Dakota Datebook | Prairie Public Broadcasting

Dakota Datebook

6:42 am, 8:42 am, 3:50 pm*, 5:44 pm, and 7:50 pm* CT
  • Hosted by Prairie Public

Sitting Bull to Phil Jackson, cattle to prairie dogs, knoefla to lefse. Dakota Datebook radio features air weekdays at 6:42 am, 8:42 am, 3:50 pm*, 5:44 pm, and 7:50 pm* CT on Prairie Public. Find the 2003-2017 archives here.

*These airtimes during Main Street may vary.

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Dakota Datebook is generously funded by the North Dakota Humanities Council, a nonprofit, independent state partner of the National Endowment for the Humanities. Any views, findings, conclusions, or recommendations expressed in the program do not necessarily reflect those of the North Dakota Humanities Council or the National Endowment for the Humanities.


In June of 1915, Fargo seemed a well-run modern small city. A trip through the pages of the Daily Fargo Forum newspaper reveals Fargo to be up-to-date in culture, life and metropolitan concerns.


After the passage of the Federal Suffrage Amendment through the U.S. House and Senate on June 4th, 1919, Carrie Chapman Catt, president of the National Woman Suffrage Association, sent out a multitude of requests for governors to call special sessions for the purpose of ratifying the amendment.


In recent years, we have grown increasingly aware of “green” terms, reducing carbon footprints, and improving energy efficiency, to the point where many of these environmentally friendly terms have been added to the Merriam-Webster dictionary. But progress and energy efficiency have been goals longer than that.


The Central Racing Circuit of North Dakota met early in 1909 to organize for their annual horse races. All reports suggested the upcoming season would be a highly successful one—exciting news for North Dakota, which newspapers noted “[had] a reputation as a racing center.” This race also garnered attention because “its organization [was] said to be well-nigh ideal.” The locations for the series weren’t too far apart, making it easier and safer to ship horses between venues.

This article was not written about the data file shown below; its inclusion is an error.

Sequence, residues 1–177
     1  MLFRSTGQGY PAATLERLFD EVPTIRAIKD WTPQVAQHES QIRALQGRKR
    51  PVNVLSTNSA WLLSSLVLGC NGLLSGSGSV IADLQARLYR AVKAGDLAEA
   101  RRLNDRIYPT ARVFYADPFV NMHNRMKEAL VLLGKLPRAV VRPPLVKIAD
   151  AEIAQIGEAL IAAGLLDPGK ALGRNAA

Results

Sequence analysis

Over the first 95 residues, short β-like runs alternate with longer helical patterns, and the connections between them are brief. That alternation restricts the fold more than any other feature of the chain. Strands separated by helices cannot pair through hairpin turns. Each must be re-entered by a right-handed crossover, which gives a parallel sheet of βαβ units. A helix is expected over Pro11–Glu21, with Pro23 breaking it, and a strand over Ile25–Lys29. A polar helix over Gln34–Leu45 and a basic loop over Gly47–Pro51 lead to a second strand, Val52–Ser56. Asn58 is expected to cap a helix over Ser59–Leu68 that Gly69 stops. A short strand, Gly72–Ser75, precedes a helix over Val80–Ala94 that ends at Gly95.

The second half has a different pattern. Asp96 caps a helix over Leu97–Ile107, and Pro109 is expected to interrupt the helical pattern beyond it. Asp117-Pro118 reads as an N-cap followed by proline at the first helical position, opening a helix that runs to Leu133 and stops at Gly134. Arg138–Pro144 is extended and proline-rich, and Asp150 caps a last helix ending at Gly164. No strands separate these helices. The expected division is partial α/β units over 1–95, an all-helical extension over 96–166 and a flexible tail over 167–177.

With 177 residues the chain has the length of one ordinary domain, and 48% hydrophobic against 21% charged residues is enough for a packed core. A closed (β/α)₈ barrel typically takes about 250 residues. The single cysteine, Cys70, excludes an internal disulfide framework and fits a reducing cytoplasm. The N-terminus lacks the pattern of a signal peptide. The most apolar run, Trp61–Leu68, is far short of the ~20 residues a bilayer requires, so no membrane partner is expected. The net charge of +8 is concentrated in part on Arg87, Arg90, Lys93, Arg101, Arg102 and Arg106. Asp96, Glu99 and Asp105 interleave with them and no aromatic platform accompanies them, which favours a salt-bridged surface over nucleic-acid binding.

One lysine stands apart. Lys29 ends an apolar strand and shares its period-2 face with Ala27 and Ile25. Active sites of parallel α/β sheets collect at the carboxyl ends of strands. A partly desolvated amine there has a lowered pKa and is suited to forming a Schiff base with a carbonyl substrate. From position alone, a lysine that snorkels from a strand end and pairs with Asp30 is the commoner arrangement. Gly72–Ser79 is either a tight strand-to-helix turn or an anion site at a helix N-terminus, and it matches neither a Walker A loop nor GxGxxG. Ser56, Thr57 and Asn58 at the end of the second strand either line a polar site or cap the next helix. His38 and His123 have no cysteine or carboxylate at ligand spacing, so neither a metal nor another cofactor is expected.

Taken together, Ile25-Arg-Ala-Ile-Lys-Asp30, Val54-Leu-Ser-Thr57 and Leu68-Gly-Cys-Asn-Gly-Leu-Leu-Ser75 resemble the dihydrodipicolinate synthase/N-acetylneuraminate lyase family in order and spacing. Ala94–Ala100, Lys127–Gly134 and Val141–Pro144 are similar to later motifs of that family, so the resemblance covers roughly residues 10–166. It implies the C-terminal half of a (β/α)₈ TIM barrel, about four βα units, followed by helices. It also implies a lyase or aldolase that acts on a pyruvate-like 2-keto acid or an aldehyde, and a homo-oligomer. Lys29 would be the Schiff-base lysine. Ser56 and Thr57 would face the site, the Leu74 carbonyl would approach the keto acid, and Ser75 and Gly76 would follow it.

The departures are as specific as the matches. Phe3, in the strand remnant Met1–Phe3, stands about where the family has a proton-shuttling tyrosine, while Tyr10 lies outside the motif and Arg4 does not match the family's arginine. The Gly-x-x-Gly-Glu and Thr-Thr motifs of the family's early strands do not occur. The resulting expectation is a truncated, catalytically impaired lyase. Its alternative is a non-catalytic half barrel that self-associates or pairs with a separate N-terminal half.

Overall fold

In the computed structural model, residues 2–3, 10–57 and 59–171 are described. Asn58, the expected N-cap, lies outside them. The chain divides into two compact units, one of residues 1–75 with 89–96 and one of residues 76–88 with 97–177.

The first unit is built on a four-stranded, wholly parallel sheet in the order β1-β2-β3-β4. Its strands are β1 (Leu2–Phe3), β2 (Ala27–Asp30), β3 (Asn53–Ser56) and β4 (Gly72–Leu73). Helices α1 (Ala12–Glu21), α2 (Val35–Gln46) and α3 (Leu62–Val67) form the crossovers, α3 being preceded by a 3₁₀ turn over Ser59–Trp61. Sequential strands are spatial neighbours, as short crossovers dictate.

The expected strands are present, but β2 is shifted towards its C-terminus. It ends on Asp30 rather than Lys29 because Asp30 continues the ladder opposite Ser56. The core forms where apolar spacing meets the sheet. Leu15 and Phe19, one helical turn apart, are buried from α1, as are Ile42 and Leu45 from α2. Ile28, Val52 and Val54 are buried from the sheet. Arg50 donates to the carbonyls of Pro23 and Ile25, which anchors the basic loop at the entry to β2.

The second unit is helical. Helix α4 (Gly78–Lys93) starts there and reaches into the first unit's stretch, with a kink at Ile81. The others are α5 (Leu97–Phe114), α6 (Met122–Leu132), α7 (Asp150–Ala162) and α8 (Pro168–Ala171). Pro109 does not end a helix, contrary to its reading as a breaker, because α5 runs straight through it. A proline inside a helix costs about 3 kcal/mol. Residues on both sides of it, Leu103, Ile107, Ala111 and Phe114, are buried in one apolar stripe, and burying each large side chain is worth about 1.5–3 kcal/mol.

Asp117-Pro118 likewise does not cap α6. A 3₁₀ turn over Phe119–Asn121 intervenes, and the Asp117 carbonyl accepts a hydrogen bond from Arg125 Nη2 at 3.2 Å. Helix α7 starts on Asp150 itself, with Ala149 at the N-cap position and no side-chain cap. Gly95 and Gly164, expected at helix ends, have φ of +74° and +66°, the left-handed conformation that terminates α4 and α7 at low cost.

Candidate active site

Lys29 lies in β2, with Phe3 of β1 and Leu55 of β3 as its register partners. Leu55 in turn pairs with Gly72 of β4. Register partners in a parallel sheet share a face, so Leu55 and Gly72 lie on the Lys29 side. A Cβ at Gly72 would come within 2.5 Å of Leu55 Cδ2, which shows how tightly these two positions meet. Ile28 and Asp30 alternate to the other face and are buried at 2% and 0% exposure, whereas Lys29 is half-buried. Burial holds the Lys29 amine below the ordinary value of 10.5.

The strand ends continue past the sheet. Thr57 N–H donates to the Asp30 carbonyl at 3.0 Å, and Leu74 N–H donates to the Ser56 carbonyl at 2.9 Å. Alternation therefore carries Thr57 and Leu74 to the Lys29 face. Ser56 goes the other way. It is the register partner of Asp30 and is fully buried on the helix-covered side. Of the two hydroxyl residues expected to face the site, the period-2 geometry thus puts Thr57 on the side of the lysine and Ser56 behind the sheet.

In our diverse region of the country, one fact we can probably all agree upon is that North Dakota enjoys a historical and essential partnership with agriculture. A small but vibrant example is the reception of the North Dakota Agriculture College’s unique Farm Train in the month of June in 1910. 


Every town in North Dakota has a yearly celebration it holds dear. Fargo has its street fair. Arnegard has the Fourth of July. Mountain has the Deuce of August. Valley City has its hill climb. Watford City has a rib fest. Fort Ransom has Sodbuster Days. Robinson has Center Fest. 

New England Picnic

Jun 18, 2020


A group of North Dakota residents celebrated their east-coast origins on this date in 1903. Carloads of folks met up in Fargo for a caravan to the annual New England Picnic in Detroit, Minnesota, which was later renamed Detroit Lakes. 

Everyone in the bunch had migrated to the region from New England states, and the picnic gave them a chance to reunite, and eat the New England foods that they missed so dearly.


On this date in 1920, William Reynolds was born in Helena Montana.  After going to Carleton College in Northfield, Minnesota, Reynolds joined the Navy, became a pilot and a Marine Aviator during World War Two. Due to his fondness for a certain beverage, Reynolds’ pilot friends nicknamed him “Whiskey Bill.”


In 1874, the Pembina Bill was proposed to the territorial legislature. This bill would carve a new Territory out of Dakota Territory called Pembina. Senator Sargent offered an amendment to that bill that would allow women the right to vote at the formation of the new territory. Newspapers reported that Sargent offered this because he believed granting women the right to vote would "purify society and open wider avenues to them." 

A Stolen Train

Jun 15, 2020


On this date in 1894, the Oakes Republican reported that a band of armed men had seized a train east of Bismarck. It took place when the train stopped at Dawson. When the engineer went into the telegraph office, an armed mob swarmed over the engine. They detached it from the rest of the train and forced the fireman to drive it. Deputy Marshals attempted to retake the train, but they were outnumbered. One of the deputies was shot and seriously wounded.